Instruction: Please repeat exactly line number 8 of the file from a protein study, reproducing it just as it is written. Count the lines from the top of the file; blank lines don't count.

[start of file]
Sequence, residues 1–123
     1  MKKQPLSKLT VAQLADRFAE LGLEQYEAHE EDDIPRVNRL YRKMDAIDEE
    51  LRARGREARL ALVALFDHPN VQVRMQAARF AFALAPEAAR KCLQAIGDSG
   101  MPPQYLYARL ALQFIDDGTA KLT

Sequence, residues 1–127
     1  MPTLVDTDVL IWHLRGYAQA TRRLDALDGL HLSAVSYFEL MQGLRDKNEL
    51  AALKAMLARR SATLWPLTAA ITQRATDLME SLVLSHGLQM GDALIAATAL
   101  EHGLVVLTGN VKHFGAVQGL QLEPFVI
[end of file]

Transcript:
   101  EHGLVVLTGN VKHFGAVQGL QLEPFVI